Shira Hauschen leads Dorsey Health Strategies LLC, a consulting firm serving the health industry affiliated with Dorsey & Whitney LLP. This article originally appeared in the Minnesota Hospital Association’s May 2015 issue of “Health Care Leader.”

Meaningful Use (MU) is again at the forefront of many hospital leaders’ minds, as the Centers for Medicare and Medicaid Services (CMS) released a proposed rule in early April that aligns Stage 1 and Stage 2 incentives and sets out guidelines for the third and final stage of the MU program. The Health Information Technology for Economic and Clinical Health (HITECH) Act of 2009 established significant financial incentives for eligible hospitals and providers to use a certified electronic health record (EHR) in a “meaningful” way. Many Minnesota hospitals and health care providers were already ahead of the game as they worked to comply with state legislation enacted two years prior (Minn. Stat. §62J.495) that required implementing an interoperable EHR by Jan. 1, 2015. Spurred by both this statutory requirement and federal MU incentives, EHRs now prevail in Minnesota hospitals and health care provider settings. The question becomes: how to leverage those EHRs to meet meaningful use objectives?

Whether you are planning for Stage 1 or Stage 3, the following tactics may help ensure success:

      • As you launch your MU program and throughout implementation, frame — and continually re-frame — your discussions about meaningful use within the broader context of improving patient care. If you focus solely on measuring MU objectives, you may miss opportunities to implement strategic change. For example, while creating a dashboard that monitors only MU-related objectives is important in and of itself, the dashboard design process can also prompt discussion about additional helpful metrics or other ways of delivering care. Too much scope creep will stymy your MU planning process, but do allow for some breathing room in MU discussions to imagine new possibilities.
      • Muster and equip an integrated team for best results. Too often, MU data report design and collection is helmed by a team of IT and EHR technical experts, with a few clinicians sprinkled in. Designate a hospital leader from your strategy and/or business development units as a team member, potentially as the lead. Include a physician champion and nurse champion at the outset.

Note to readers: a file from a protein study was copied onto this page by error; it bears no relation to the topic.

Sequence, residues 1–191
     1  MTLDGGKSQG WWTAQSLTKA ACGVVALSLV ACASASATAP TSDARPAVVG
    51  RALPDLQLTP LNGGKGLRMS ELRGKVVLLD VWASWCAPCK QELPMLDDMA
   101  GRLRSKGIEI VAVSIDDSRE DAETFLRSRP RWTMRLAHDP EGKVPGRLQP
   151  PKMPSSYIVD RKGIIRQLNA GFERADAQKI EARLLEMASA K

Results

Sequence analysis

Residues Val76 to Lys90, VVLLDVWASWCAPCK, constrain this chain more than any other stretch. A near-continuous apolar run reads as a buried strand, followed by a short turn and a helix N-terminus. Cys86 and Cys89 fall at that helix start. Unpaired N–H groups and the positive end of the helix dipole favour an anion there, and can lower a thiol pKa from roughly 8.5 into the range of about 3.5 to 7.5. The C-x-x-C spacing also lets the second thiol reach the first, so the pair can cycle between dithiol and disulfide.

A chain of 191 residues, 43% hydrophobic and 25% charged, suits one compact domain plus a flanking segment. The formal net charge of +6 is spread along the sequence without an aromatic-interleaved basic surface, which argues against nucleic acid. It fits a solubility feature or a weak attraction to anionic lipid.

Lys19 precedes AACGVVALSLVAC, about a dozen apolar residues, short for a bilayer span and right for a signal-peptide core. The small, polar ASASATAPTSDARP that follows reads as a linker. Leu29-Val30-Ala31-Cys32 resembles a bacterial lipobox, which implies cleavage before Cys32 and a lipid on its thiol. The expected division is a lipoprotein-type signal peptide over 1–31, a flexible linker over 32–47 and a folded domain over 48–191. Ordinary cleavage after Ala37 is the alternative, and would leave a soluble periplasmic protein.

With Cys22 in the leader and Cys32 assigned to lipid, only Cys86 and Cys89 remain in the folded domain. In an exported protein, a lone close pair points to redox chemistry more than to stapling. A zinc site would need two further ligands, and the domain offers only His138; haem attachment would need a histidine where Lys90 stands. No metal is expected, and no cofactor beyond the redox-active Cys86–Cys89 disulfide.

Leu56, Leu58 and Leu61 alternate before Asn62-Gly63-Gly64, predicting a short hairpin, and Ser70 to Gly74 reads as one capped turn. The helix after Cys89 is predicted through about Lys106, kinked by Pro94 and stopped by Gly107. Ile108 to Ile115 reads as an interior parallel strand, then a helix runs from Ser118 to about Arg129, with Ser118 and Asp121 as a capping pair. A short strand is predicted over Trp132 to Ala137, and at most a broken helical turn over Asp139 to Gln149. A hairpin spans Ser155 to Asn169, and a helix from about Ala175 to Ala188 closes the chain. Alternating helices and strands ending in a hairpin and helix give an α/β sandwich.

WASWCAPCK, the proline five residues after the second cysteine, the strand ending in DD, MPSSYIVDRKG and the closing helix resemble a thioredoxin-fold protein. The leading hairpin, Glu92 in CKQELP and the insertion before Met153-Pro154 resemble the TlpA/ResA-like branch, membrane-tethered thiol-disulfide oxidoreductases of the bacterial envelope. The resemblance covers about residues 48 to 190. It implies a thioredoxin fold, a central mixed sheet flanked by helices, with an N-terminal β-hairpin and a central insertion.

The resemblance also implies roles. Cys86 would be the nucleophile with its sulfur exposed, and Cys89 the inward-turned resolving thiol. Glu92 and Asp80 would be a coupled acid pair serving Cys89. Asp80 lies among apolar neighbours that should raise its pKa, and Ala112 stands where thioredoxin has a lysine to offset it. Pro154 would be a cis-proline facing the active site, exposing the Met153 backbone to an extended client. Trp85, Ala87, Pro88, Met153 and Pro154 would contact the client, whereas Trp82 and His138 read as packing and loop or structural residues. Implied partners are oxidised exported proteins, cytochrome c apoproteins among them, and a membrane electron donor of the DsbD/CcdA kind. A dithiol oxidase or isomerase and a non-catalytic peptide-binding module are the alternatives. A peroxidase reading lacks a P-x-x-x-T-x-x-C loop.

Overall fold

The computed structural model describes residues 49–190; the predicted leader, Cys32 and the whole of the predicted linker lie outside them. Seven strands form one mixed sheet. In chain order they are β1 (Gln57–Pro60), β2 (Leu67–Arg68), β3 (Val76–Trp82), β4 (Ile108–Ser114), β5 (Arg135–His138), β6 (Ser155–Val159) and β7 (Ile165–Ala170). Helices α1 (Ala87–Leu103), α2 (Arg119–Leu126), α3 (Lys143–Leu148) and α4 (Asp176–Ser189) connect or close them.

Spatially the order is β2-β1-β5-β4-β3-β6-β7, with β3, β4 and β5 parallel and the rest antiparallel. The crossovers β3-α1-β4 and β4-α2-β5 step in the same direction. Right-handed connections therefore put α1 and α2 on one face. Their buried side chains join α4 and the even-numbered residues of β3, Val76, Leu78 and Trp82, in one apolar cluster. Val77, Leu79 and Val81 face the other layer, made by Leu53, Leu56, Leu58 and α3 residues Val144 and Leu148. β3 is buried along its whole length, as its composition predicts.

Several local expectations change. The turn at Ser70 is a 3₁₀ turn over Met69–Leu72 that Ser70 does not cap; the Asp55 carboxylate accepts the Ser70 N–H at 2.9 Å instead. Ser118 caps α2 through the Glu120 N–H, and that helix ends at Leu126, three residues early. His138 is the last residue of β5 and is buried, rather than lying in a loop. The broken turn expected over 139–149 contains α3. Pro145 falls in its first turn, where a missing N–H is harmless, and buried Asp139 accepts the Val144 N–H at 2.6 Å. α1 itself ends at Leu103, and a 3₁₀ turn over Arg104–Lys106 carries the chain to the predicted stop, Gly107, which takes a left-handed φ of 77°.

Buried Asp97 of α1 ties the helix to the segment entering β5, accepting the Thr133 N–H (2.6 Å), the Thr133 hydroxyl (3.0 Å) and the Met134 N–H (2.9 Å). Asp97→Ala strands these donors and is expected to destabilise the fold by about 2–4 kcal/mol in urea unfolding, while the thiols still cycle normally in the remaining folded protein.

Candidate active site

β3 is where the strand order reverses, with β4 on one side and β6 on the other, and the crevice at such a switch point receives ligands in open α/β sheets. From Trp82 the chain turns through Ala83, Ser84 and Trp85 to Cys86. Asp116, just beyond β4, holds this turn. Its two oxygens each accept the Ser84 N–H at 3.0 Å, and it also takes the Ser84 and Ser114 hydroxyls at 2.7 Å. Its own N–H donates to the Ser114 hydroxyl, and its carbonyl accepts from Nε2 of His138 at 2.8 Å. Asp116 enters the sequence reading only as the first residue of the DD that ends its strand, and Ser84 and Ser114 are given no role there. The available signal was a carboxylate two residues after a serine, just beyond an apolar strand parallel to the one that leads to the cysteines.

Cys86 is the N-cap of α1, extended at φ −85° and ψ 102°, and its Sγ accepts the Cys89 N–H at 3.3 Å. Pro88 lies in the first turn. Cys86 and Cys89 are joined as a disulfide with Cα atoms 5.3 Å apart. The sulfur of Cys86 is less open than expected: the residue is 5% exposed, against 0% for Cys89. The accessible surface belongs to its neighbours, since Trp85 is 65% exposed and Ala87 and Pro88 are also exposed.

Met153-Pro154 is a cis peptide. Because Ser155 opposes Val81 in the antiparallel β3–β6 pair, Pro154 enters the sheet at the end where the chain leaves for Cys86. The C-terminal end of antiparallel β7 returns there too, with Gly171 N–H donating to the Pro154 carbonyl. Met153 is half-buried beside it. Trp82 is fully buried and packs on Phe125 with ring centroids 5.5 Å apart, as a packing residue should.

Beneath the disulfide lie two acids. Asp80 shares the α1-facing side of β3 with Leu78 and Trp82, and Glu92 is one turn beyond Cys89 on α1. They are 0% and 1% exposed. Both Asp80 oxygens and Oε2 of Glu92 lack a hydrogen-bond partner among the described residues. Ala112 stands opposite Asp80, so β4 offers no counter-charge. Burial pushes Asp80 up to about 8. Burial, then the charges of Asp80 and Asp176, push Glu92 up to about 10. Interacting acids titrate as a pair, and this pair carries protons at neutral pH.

• It will be critical to mirror clinicians’ workflows in designing the MU dashboard and data reporting tools. Aligning your MU tools with clinicians’ mental maps — when and where they input each data element — is critical for success. You likely mapped clinical workflows when you were designing your EHR; dig those maps out and check where providers document each MU objective data element (e.g., where do they add a medication or allergy?). If you design with those answers in mind, you will create a set of MU tools that clinicians actually use.
      • To promote buy-in, communicate less about the strategic importance of MU and more about exactly who should be inputting what. If this sounds less than inspirational, consider that most clinicians will quickly grasp and support your organization’s desire to achieve MU incentive payments. Clinicians’ time is limited and most wish to help, so their well-intentioned response is, “Just tell me what to do and where to click.” Communicating specifically and often about where to click will cause your Meaningful Use adherence to skyrocket.
      • Address underlying cultural change issues. Providers’ belief in the power of data is now fairly widespread, however, daily use of it is not — yet. Engage your providers face-to-face, whether in town hall meetings or via roadshows visiting multiple sites. Be sure to share and provide access to the MU dashboard early, even in beta form, to encourage feedback, fine-tuning, and early adoption.
      • Leverage MU-specific resources unabashedly. Convene your EHR vendor’s technical support together with your MU team and identify tools or minor coding modifications that might ease your data collection efforts. Meet with other providers who are in a similar place in their MU programs to share ideas or even the costs of technical solutions (particularly if you have the same EHR software).

Contact Shira Hauschen at Dorsey Health Strategies at 612-492-6418 for more information.